Please stand aside and let somebody else handle the problem.

That’s what the Securities Industry and Financial Markets Association (Sifma) officials are asking of the U.S. of Department of Labor (DOL) in the debate over a fiduciary standard for financial professionals. Sifma officials, at their annual state of the industry conference on Thursday, said they want a uniform fiduciary standard governing all financial professionals. But, fearful that new DOL rules could hurt brokers who also offer advice as well as buy and sell stocks and bonds, they argue that writing the standard should be the work of another government agency.

Sifma General Counsel Ira Hammerman says his organization supports a fiduciary standard.

“We are firmly committed that where broker-dealers are doing the same service as an investment advisor, that they should be held to a fiduciary standard that puts the client’s interests first,” Hammerman said. “But at the same time the SEC needs to roll up its sleeves and adopt standards that are business-model neutral.”

Both the SEC and DOL are working on fiduciary rules. The various plans have split the securities industry. Numerous planning organizations have contended the brokers, the same as CFPs and RIAs, should have fiduciary obligations, requiring them to put the client’s interests first.

Still, that could make commission-based professional relationships in which a financial professional makes products available from firms he or she works for more difficult for brokerages. Indeed, Sifma, in one of its publications, says it “supports a uniform fiduciary standard that is business model neutral and does not inhibit a client’s ability to choose the products and services they want.”

Sifma officials have insisted that the SEC, in defining how clients’ interests can be protected without destroying a financial professional’s ability to make a living. The goal is to find a middle ground between the needs of the investment advisor and the broker-dealer. But at the time, regulators want to protect the typical retail client who is someone just wants to buy products, sometimes want advice or planning and other times wants some of both.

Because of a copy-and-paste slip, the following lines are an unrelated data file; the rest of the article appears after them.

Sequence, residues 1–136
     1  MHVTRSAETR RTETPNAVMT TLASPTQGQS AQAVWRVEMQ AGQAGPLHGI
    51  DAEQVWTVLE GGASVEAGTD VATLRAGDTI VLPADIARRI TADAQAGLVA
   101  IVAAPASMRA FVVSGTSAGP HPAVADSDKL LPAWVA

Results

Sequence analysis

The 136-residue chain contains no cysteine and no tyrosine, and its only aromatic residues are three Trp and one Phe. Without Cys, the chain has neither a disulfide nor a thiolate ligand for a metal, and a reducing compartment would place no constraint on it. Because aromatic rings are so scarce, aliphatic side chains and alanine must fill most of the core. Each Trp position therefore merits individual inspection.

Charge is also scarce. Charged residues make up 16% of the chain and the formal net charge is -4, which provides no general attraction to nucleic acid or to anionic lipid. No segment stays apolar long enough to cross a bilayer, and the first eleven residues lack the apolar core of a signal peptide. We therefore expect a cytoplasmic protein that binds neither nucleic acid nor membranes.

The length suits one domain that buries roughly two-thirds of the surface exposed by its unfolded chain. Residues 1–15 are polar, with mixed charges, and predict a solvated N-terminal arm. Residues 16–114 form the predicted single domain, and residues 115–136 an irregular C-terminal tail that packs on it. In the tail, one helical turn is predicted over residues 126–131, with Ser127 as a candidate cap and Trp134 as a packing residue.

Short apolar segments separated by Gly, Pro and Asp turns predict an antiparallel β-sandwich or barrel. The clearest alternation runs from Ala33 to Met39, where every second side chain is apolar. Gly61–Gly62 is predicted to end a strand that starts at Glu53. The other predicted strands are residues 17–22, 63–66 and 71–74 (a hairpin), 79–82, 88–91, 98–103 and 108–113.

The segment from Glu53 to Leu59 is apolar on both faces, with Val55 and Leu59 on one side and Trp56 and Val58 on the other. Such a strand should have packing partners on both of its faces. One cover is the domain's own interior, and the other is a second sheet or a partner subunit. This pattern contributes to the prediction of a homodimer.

DOL, which is responsible for enforcing rules under the Employee Retirement Income Security Act (Erisa) governing qualified plans, is expected to offer a stronger standard than the SEC. Erisa imposes high standards of care and loyalty on the fiduciaries of pension plans and IRAs, the DOL says, and the law takes particular care to protect plan participants and IRA customers from the dangers posed by advisors’ conflicts of interest. Erisa fiduciaries would have to adhere to somewhat different standards of care under the securities laws and Erisa, even if the DOL and the SEC adopted precisely the same definition of “fiduciary,” the DOL says.

“The Department of Labor and the SEC are working closely together in order to ensure that their regulatory efforts are appropriately harmonized,” says DOL. “The Department of Labor will not require brokers or advisors to adhere to standards that conflict with their obligations under the securities laws.”

However, some industry observers believe that the DOL rules would hold brokers to the same standards as RIAs and certified financial planners.

That’s something that could be very difficult for many Sifma members, especially those holding or advising clients on qualified assets. Indeed, in a Sifma publication the trade group warned, “The DOL‘s fiduciary proposal would adversely affect millions of IRA holders and plan participants with assets expected to reach $7.3 trillion by 2016.”

Last fall the SEC’s Investor Advisor Committee offered a series of observations on the problems of brokers’ and advisors’ different and, at times overlapping roles, the committee said.

When the federal securities laws were enacted, it noted, Congress drew a distinction between broker-dealers, who were regulated as salespeople under the Securities Exchange Act of 1934, and investment advisors, who were regulated as advisers under the Investment Advisers Act of 1940.

“Over the last several decades, however, the roles of some broker-dealers and investment advisors have converged. While differences remain, many broker-dealers today offer advisory services, such as investment planning and retirement planning, that are similar to the services offered by investment advisors. In addition, many broker-dealers use titles such as financial advisor for their registered representatives and market themselves in ways that highlight the advisory aspect of their services,” according to the committee.

The committee also said that federal regulations have not kept pace with changes in business practice. So broker-dealers and investment advisors are subject to different legal standards when they offer advisory services.

“Those legal standards – a suitability standard for broker-dealers and a fiduciary duty for investment advisors – afford different levels of protection to the investors who rely on those services,” the committee said. “Key differences include the requirements that investment advisors, as fiduciaries, act in the best interests of their clients and appropriately manage and fully disclose conflicts of interest that could bias their recommendations.”

The SEC, said Hammerman, will continue to study the issue and find a neutral standard. “I believe it remains on the SEC’s list of standards, but understanably they have a lot of rulemaking to do under Dodd-Frank so we are not certain of their dealing with this in the early part of 2014.”

An SEC spokeswoman said that “there is no timetable” for the SEC writing the fiduciary standard.